August 15, 2006

Big Al's One-Minute Presentation...

OK, You've Got One Minute!

Just like any other industry, once you begin to understand exactly what your customers and prospects want, and what they want to know, there's little else that can hold you back from succeeding in your home based business.

So, what do your prospects want to know?

Well, with that all-important question in mind, here's some valuable advice from Tom Schreiter (a.k.a. Big Al) that'll answer just that...

What is the perfect length of your opportunity presentation?

Walk up to a prospect and say:

"I can give you a long presentation or a short
presentation. Which one would you prefer?"

Call a prospect and say:

"I can give you a long presentation or a short
presentation. Which one would you prefer?"

The answer is obvious.


Prospects are super busy with family, jobs, e-mail
and cable television. They want to know these things
right away:

1. What kind of business are you in?
2. How much money can I make?
3. What do I have to do to earn that money?

If you can answer those questions quickly, you will keep
your prospect interested. That's what I call a "One-Minute

Try putting your "One-Minute Presentation" together now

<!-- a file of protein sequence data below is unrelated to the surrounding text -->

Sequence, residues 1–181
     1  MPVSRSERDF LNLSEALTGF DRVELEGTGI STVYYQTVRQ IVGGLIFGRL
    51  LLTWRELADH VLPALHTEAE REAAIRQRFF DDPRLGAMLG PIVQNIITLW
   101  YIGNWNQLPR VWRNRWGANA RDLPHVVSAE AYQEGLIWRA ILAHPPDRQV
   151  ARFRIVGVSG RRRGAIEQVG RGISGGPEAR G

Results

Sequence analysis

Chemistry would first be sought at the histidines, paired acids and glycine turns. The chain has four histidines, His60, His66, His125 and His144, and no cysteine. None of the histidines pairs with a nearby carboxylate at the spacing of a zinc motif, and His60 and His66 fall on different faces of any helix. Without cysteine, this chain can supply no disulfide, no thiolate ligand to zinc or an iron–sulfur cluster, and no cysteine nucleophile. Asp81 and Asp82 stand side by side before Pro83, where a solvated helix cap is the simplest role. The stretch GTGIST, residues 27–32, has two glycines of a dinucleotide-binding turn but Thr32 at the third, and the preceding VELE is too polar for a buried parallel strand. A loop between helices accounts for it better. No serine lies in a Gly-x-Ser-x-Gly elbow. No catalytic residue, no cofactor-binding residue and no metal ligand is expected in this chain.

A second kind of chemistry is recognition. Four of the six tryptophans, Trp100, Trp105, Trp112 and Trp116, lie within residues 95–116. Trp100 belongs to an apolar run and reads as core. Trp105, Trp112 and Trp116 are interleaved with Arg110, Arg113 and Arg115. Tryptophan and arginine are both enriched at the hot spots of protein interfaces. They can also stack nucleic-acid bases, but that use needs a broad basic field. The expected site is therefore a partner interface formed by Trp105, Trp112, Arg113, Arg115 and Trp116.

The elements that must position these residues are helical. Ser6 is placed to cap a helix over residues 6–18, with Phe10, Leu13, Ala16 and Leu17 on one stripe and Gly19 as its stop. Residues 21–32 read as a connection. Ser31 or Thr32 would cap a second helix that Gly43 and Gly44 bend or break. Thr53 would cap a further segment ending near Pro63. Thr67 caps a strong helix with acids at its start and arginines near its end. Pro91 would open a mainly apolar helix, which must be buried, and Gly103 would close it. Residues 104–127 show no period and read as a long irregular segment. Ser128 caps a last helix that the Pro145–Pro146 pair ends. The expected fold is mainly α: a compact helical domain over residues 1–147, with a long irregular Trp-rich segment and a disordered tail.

and have it ready for your next prospect. Your prospect
will love it, and you'll be building your business with ease.


  1. Big Al is a legend, but I really have to wonder if he is really building in today's one wants to be "presented" any longer.

    People want a solution for a problem, not a presentation, although 1 minute is better than 3 hours.

  2. I definitely agree that people don't necessarily like presentations. But the bottom line is that no matter what form of marketing you do, it's always a presentation in one form or another.

    It all comes down to the approach, I believe. For the most part, people don't like "presentations" because:

    1. They generally take a while. And...
    2. They generally involve some sort of sales pressure.

    But that's what the one-minute presentation elininates. For example, it starts off something like this:

    "I can give you a complete presentation, but it would take an entire minute...

    When could you set aside a whole minute?"

    In almost every case you'll find that people will listen right then and there. And this approach, for a variety of reasons, also tends to reduce sales resistence. It works because it keeps people in their comfort zone rather than turning them off.

    Plus, people aren't as naive about marketing as they used to be. They know when they're being given a presentation - so why not be upfront about it? And short? Well, that's even better.


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